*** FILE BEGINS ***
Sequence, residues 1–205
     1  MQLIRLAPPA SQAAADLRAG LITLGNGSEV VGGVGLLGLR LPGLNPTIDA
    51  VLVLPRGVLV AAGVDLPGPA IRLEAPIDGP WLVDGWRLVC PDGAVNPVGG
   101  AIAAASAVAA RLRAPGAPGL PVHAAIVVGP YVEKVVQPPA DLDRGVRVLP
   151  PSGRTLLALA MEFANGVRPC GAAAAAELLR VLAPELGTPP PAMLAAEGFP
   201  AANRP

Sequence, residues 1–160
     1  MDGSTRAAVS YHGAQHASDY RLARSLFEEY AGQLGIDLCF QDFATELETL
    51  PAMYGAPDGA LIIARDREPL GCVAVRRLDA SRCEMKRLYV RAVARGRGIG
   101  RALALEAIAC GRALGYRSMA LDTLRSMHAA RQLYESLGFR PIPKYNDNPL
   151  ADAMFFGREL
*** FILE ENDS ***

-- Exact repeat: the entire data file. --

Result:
Sequence, residues 1–205
     1  MQLIRLAPPA SQAAADLRAG LITLGNGSEV VGGVGLLGLR LPGLNPTIDA
    51  VLVLPRGVLV AAGVDLPGPA IRLEAPIDGP WLVDGWRLVC PDGAVNPVGG
   101  AIAAASAVAA RLRAPGAPGL PVHAAIVVGP YVEKVVQPPA DLDRGVRVLP
   151  PSGRTLLALA MEFANGVRPC GAAAAAELLR VLAPELGTPP PAMLAAEGFP
   201  AANRP

Sequence, residues 1–160
     1  MDGSTRAAVS YHGAQHASDY RLARSLFEEY AGQLGIDLCF QDFATELETL
    51  PAMYGAPDGA LIIARDREPL GCVAVRRLDA SRCEMKRLYV RAVARGRGIG
   101  RALALEAIAC GRALGYRSMA LDTLRSMHAA RQLYESLGFR PIPKYNDNPL
   151  ADAMFFGREL